Tuesday, August 7, 2018

Windows 10 Pay As You Go con job?

You may have heard the sayings;

- If it's too good to be true, it probably is.
- Nothing is for free.

It seems that Microsoft has mislead its customers that the upgrade to Windows 10 is for free.

In reality Microsoft should be sued, for that action alone.

So, when was the best time to ditch Microsoft Windows?

At least 10 years ago.

There is no reason for any person to use the Windows operating system today, as there are plenty of other mature operating systems available which also include the 'Office' suite of programs.

Read the article from 4 Aug 2018 by forbes.com of the headline:

Windows 10 Leak Exposes Microsoft's New Monthly Charge

Ever since its creation, Microsoft MSFT +0.11% has described Windows 10 “as a service”. The fear has always been that this meant Microsoft would start charging users a monthly fee to maintain the operating system, and now a new leak has confirmed this is exactly what will happen… 

In a new report, CNet’s well connected Microsoft specialist Mary Jo Foley reports the company will soon launch ‘Microsoft Managed Desktop’ which will charge a monthly fee to configure computers running Windows 10 and keep them running smoothly as new updates are released. 

Foley also notes “Microsoft already has a number of the pieces in place to make this happen” such as a Windows Autopilot automatic device provisioning service, device financing programs like Surface Plus and a ‘Surface as a Service’ leasing program. Microsoft also has a subscription bundle including Windows 10 and Office 365 called Microsoft 365 and Windows 10 Enterprise subscription plans.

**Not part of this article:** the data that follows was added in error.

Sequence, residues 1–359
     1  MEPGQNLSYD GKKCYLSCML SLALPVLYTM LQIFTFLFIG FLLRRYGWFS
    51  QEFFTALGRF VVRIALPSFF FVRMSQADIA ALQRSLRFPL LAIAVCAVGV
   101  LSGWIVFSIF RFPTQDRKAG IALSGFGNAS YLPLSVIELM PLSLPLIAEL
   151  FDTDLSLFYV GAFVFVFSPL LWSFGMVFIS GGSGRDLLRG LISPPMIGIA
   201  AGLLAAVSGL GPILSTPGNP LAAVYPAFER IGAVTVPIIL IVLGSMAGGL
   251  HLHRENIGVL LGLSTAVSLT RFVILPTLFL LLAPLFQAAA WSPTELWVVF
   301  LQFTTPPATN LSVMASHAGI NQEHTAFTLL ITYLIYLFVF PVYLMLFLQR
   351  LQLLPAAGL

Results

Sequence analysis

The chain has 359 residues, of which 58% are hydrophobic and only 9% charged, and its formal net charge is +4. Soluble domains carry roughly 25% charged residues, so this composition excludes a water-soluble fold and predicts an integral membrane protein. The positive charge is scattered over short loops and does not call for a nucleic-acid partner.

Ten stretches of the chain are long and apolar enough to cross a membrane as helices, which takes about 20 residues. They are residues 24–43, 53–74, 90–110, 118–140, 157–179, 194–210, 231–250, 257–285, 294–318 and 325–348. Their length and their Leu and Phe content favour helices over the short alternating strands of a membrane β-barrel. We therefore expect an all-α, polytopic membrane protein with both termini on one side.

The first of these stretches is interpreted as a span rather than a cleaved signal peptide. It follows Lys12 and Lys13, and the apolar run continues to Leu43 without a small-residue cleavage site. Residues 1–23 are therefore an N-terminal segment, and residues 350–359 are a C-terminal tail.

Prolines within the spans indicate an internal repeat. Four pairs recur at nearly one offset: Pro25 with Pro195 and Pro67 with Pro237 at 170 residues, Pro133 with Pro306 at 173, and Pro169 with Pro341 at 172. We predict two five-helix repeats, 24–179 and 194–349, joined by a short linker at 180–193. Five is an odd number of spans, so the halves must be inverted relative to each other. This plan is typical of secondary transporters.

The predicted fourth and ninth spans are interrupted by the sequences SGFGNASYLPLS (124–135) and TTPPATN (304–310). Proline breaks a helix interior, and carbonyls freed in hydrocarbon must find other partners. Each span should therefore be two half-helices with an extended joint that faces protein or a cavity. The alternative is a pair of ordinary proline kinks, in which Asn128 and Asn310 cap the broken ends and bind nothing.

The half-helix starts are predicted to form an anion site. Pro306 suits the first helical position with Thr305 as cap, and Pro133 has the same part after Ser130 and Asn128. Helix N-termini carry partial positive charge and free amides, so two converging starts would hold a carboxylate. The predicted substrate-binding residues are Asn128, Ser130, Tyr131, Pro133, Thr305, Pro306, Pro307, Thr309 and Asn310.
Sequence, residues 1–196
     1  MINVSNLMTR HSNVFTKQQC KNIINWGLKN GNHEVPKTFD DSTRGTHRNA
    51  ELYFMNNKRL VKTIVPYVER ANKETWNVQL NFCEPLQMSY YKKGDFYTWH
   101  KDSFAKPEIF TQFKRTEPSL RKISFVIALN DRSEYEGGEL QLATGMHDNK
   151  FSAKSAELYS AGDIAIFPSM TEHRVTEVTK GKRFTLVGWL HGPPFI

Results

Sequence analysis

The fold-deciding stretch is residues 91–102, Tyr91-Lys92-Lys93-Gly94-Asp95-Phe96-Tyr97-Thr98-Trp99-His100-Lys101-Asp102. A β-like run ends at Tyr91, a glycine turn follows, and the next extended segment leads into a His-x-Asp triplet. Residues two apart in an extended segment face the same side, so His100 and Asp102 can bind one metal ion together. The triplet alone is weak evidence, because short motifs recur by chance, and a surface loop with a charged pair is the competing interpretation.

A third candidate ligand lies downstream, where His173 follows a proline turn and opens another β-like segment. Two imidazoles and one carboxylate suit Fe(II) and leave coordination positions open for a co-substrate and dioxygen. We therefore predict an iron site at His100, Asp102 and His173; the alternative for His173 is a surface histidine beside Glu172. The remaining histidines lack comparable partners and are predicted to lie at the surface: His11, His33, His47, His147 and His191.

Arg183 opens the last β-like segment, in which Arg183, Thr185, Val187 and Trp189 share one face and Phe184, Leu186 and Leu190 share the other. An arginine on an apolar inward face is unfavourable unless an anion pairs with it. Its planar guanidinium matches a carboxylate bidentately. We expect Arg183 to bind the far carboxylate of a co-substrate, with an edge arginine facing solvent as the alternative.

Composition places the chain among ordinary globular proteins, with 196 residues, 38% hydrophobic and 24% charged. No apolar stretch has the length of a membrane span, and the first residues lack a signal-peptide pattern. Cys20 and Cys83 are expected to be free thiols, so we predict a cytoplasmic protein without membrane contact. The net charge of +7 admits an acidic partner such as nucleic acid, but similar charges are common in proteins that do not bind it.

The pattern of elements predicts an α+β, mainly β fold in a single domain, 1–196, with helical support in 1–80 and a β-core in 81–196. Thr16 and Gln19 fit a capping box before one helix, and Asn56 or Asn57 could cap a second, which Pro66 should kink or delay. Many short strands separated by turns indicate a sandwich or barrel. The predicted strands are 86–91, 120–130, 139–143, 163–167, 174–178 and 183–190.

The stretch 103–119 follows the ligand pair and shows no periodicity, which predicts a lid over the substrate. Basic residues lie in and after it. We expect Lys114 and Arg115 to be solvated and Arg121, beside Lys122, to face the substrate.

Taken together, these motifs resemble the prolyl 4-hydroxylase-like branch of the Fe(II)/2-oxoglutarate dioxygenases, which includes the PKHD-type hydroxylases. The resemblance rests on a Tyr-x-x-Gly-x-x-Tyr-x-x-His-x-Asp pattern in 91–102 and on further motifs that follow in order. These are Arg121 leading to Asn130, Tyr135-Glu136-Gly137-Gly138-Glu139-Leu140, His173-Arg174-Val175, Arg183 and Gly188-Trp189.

Furthermore, Foley states “One of my contacts said that Bill Karagounis - former Director of the Windows Insider Program & OS Fundamentals team, who last year joined the Enterprise Mobility and Management part of Windows and Devices - is in charge of the coming Microsoft Managed Desktop.”

With Microsoft also publicly hiring for this new division, managed subscriptions for Windows 10 appear to have the green light.

So what’s the good news? At this time, Foley believes Microsoft Managed Desktop will be targeted at businesses. But the obvious question, given the clear direction Microsoft is moving becomes: for how long?

Foley did ask Microsoft to go on the record about Microsoft Managed Desktop, but the company declined to comment.

All of which means those users who chose to stay on Windows 7 and Windows 8 are probably feeling pretty smug right now. As for everyone who upgraded for ‘free’ to Windows 10, the nagging question must be: will it prove too good to be true?

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